Freshwater habitats and rivers are unique natural assets of Hungary with their special species and biodiversity. Freshwater habitats are particularly important, because they provide not only living space for protected and non-protected aquatic and riparian species, but also deliver ecosystem services to human beings and their communities (e.g. drinking water supply).
The goal of our freshwater program is to stop degradation and to improve the diversity and quality of rivers, riparian habitats, marshes, side branches, oxbows and floodplain forests; especially along Hungary’s priority rivers, Danube, Drava and Tisza.
We develop and implement projects which restore freshwater ecosystem and river morphology and which support traditional and extensive land use. These projects with the involvement of the responsible authorities and stakeholders are model studies representing how local communities can receive benefit from nature conservation and how green economy can support the maintenance of freshwater habitats.
We participate in policy work to facilitate the appropriate implementations of EU Directives, especially the Water Framework Directive, and put our focus on informing and influencing decision makers about the multiple benefits of changing the traditional management of rivers from regulation to restoration. With the restoration of our natural resources we can create a new vision for our unique rivers within the Danube river basin.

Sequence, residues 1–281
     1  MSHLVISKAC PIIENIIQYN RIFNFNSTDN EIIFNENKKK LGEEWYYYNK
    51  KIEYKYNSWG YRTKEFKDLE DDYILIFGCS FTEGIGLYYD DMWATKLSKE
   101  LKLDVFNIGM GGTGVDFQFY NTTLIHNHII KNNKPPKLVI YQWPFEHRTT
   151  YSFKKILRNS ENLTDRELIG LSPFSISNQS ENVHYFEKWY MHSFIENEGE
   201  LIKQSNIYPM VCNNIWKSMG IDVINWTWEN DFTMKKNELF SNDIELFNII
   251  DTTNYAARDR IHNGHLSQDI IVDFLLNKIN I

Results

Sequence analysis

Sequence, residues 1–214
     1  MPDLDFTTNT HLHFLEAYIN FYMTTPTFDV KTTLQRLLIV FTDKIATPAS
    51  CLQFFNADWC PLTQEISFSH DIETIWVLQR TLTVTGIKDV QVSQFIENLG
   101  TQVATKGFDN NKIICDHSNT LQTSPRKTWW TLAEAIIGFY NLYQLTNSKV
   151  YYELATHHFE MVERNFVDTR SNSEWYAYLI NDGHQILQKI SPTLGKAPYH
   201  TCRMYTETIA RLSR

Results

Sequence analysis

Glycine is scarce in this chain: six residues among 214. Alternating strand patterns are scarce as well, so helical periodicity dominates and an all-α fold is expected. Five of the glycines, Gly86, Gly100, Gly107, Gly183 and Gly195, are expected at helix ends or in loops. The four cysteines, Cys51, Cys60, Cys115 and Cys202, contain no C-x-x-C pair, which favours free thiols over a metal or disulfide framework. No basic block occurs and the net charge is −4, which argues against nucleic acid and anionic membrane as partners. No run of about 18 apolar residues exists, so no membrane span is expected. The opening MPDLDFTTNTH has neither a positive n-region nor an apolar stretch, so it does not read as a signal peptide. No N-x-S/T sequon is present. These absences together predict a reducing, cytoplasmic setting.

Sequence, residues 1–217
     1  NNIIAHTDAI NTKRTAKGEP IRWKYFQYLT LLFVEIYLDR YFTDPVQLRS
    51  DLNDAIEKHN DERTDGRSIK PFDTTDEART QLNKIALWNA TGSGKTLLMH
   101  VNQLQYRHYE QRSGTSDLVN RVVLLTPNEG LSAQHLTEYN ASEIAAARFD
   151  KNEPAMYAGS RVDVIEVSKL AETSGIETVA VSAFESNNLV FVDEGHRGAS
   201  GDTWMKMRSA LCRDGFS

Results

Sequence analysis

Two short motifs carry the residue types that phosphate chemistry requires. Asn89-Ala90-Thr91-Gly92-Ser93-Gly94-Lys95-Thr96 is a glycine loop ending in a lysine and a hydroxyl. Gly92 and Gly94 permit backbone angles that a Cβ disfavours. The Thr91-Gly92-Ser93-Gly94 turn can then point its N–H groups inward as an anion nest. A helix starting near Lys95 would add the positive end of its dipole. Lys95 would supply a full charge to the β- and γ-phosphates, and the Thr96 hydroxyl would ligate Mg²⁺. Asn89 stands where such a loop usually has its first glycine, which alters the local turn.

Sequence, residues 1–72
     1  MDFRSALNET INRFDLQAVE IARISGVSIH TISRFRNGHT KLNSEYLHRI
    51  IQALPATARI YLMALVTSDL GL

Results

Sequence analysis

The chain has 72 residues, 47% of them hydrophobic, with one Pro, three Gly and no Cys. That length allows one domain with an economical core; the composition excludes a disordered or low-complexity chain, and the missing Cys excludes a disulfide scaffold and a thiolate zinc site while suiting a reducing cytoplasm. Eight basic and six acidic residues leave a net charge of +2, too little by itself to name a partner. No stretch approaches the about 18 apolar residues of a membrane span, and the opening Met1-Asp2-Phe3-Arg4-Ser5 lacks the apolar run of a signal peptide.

Our largest river, the Danube is invaluable to all of us. The side-branches, floodplain forests and meadows give home to a rich wildlife, while the gravel beds beneath the islands hide cheap extractable drinking water.
Our longest river and its environs are of inestimable value for all of us. The river's subfamilies, floodplain forests and peat meadows host rich wildlife, and there is a huge layer of drinking-water deep under the river's gravel bed, available for inexpensive extraction.
Spanning Austria, Croatia, Hungary, Serbia and Slovenia, the lower courses of the Drava and Mura Rivers and related sections of the Danube are among Europe's most ecologically important riverine areas: sometimes called the "Amazon of Europe".
Our Tisza program embodies perfectly how to link nature conservation and social objectives.
The restoration of Liberty-island and its side-branch